The French-Spanish pair carried a fine 4.239s advantage over from the Saturday morning session on the four-mile beach course.
Times would prove almost invariably slower in the afternoon shootout as the sand ruts grew deeper.
That meant Loeb and Gutierrez returned a stint of 10m57.567s, a little over 10s adrift of their morning pace, but they remained the only duo to dip under the 11-minute barrier.
The fifth of the nine teams to take to the circuit, Gutierrez handed over to Loeb and the nine-time World Rally Champion proved characteristically smooth behind the wheel.
He crossed the line with a massive 27.58s in hand over the drivers of Rosberg X Racing, affording the team the inside grid position for the first semi-final on Sunday morning.
Inaugural Saudi Arabia event winner RXR eventually managed to recover second in the combined times, having benefited from a morning penalty for Abt Cupra when official series reserve racer Jutta Kleinschmidt entered the driver changeover area before her temporary teammate Mattias Ekstrom had come to a stop and hit neutral.
RXR duo Johan Krisotffersson and Molly Taylor secured the position despite a massive moment for Taylor, when the rear axle was flicked up into the air and then the car nosedived, forcing the Australian to divert well off line to recover.
Abt Cupra secured the final position in the first semi-final as Ekstrom and 2001 Dakar Rally winner Kleinschmidt – replacing the sickness-sidelined Claudia Hurtgen – recorded the second fastest time of the afternoon but fell back due to the earlier penalty.
Kleinschmidt was another driver forced into evasive action when the rear of her car took flight and the Odyssey 21 crashed back down on its bump stops. She was also briefly delayed at the driver changeover when her HANS device caught.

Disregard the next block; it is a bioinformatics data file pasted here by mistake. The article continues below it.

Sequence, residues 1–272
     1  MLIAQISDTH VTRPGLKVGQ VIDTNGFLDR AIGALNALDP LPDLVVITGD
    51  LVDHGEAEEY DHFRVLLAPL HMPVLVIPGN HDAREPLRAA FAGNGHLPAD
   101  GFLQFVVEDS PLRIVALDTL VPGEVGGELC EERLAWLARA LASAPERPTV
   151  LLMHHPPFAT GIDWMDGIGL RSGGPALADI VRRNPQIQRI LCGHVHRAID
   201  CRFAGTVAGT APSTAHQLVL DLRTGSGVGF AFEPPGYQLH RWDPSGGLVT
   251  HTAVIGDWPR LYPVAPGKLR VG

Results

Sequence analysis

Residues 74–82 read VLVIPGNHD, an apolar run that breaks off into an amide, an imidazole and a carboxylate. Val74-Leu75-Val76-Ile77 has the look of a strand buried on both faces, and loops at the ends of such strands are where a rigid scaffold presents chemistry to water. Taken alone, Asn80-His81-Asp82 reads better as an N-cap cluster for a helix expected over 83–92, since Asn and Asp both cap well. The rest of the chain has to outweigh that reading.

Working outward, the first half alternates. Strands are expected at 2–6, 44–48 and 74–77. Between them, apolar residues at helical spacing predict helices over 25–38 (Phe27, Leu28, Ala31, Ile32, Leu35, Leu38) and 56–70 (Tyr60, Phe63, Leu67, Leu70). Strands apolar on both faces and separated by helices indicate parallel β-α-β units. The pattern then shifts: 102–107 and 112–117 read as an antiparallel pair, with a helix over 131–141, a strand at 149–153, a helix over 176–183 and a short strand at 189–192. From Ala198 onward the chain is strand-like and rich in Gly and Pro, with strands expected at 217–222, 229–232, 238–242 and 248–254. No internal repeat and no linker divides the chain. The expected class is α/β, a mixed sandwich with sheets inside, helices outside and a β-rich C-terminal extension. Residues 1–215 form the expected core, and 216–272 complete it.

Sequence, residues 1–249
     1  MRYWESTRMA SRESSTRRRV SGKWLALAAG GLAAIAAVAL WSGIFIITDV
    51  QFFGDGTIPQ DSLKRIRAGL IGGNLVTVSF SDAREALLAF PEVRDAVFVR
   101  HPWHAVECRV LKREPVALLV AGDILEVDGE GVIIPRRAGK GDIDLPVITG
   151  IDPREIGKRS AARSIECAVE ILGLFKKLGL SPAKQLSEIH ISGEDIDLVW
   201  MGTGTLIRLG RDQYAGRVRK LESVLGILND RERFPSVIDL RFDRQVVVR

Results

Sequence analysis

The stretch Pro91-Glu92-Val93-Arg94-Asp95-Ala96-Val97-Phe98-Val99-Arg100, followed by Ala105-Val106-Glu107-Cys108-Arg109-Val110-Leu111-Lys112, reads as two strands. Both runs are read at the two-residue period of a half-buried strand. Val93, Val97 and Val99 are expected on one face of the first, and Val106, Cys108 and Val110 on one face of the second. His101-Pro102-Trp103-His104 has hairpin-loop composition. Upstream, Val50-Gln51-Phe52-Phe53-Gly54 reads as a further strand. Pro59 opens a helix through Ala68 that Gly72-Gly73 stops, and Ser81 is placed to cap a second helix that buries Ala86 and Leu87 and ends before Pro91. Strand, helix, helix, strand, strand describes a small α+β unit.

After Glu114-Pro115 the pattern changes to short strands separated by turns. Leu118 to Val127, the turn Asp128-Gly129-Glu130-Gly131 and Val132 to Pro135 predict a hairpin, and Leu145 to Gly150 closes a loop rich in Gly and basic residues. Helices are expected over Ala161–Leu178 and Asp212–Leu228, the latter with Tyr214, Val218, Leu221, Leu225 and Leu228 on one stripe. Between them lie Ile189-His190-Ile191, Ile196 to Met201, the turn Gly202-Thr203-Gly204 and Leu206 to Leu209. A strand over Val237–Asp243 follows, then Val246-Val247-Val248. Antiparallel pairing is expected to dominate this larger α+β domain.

With Kevin Hansen filling in for the absent Jenson Button, JBXE was the first team into the second semi-final courtesy of his and teammate Mikaela Ahlin-Kottulinsky’s smooth runs.
An early bath in Saudi, when Veloce Racing driver Stephane Sarrazin rolled and terminally damaged the car’s roll cage, meant the pace of the Frenchman and teammate Jamie Chadwick was subdued.
A “low-risk” strategy and opting for a different racing line to their similarly conservative morning efforts meant they ended the day fifth fastest in the combined times, but seventh in the afternoon run only.
The ART Grand Prix-supported entry will be joined in the second semi-final by the rebranded Xite Energy Racing squad, formerly Hispano Suiza, with the trouble-free but unremarkable exploits of Oliver Bennett and Cristina Giampaoli Zonca suffice to progress into the heat.
A torrid start to life in Extreme E for Chip Ganassi Racing continued as the American outfit missed out on the semi-final due to a protracted car shutdown during Kyle LeDuc’s run.
The rapid American was first in the car and flying from the off with a win-or-bust style to extract a 6.3s margin over any other driver at the time of his lap. But a heavy landing appeared to trigger a full shutdown and LeDuc was forced to exit the car and hit an external reset button at a cost of almost four minutes.
He finally resumed in similarly speedy fashion to claw back 12s but he and teammate Sara Price were effectively already eliminated from the semi-final battles.
Andretti United meanwhile hit more trouble. Timmy Hansen’s morning car reset was compounded by set-up alterations that appeared not to suit either him or stablemate Catie Munnings, leaving them down in eighth.
Double World Rally champion Carlos Sainz Sr and his co-owned Acciona Sainz team walked away in last after a morning water pump failure for the powertrain cooling package.
The car was repaired in time for the afternoon shootout, where he and Laia Sanz snared the sixth fastest time. But with no morning banker laps, they were out of contention.